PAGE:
First Solar had a reputation under Michael Ahearn of being overly conservative in its outlook. After last quarter's earnings, some analysts were still making the case that First Solar was too sober in its outlook given its earnings performance. A few weeks ago, First Solar released the type of bullish news about 2011 that made it seem to some solar watchers that First Solar had taken a page from the Chinese solar company playbook. First Solar put out a press release stating that it had already received orders for shipments of 380 megawatts above expectations in 2011. First Solar didn't name the clients doing the ordering, or provide any pricing. It is also the first time in the history of First Solar as a public company that it has issued a press release citing anonymous future orders.

Was the 2011 order release a sign that First Solar might be taking a more aggressively optimistic stance headed into 2011?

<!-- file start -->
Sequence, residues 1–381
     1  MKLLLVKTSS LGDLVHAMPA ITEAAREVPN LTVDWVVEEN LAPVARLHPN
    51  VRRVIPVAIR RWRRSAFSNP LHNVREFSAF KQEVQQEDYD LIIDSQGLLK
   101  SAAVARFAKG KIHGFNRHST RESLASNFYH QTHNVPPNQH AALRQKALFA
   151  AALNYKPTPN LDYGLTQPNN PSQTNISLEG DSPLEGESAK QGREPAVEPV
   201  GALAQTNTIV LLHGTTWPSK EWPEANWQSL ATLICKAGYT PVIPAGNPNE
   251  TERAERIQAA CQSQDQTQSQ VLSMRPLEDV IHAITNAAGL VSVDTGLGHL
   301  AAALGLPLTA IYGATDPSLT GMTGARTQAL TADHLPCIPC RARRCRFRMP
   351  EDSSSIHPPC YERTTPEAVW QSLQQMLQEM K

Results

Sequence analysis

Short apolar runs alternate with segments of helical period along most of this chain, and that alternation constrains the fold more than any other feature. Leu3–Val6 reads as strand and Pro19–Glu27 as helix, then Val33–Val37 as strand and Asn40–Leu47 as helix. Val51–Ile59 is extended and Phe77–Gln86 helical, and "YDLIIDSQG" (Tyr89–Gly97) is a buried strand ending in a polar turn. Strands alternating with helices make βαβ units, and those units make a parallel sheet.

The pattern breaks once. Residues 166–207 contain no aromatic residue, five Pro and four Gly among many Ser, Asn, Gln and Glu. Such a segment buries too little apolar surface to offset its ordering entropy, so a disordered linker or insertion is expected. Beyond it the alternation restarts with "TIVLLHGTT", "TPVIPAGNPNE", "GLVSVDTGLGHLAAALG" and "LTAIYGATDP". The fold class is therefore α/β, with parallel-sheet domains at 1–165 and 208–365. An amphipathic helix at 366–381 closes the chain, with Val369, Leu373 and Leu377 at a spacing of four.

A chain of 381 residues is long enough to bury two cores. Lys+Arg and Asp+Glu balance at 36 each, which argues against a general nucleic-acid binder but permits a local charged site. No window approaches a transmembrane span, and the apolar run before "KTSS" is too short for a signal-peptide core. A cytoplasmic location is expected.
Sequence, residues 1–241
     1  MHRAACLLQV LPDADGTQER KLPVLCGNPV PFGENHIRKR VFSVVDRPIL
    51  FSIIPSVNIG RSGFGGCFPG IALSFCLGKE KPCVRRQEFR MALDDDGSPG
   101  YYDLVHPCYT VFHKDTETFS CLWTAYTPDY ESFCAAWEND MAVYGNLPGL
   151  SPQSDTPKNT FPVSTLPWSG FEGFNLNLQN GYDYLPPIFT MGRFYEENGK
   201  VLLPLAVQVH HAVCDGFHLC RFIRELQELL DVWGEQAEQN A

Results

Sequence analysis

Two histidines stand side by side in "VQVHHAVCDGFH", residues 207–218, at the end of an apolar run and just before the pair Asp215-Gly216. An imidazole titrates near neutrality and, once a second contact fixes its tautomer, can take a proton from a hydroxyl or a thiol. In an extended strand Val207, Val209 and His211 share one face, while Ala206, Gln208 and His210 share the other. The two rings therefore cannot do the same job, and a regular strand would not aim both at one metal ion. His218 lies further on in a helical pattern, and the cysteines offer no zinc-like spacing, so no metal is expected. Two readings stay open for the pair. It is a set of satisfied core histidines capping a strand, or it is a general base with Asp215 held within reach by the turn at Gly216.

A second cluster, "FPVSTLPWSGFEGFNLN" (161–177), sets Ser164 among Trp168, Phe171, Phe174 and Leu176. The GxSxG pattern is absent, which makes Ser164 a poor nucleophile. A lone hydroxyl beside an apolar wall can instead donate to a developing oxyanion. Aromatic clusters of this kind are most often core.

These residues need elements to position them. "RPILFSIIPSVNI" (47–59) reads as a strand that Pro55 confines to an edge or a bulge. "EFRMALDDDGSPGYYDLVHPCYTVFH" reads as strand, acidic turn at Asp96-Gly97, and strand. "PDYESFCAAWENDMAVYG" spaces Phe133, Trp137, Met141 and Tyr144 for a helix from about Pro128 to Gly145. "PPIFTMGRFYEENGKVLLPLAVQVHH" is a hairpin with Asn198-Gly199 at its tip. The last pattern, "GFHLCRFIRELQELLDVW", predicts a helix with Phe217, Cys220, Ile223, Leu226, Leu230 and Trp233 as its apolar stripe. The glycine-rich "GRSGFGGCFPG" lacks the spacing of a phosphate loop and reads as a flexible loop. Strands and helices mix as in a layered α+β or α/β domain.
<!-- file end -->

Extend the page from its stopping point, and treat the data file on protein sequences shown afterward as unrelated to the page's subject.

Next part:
Project Focus:

The split between First Solar's module sales into the open market and the modules it reserves for its project pipeline has been a major issue since it began making pipeline acquisitions. However, it seems that headed into this earnings call, there is more focus than ever on the project outlook for 2011, as the German "pull-in" of 2010 is expected to end, or at least markedly slow down. Expectations for a slowdown aren't limited to the German market. In the Czech market, a tax on solar power plant revenue should be an issue that First Solar is forced to address. The European situation makes for more pressure from the Street on First Solar to provide confidence about the pipeline headed into 2011.

In the past, though, First Solar has been anything but forthcoming about project details. The last three quarters in row the Street has received the same answer: First Solar says it won't focus on any individual project in its discussion, taking a portfolio approach that is de-risked project to project.

In any event, analysts may be looking for management's response to the Northrop Grumman appeal to the conditional use permit awarded to the AV Solar Ranch project, in the news of late, and an update on the financing and sale of the Agua Caliente project.

Here's the full tale of the earnings tape on First Solar:

Consensus EPS Estimate:

$1.94 per share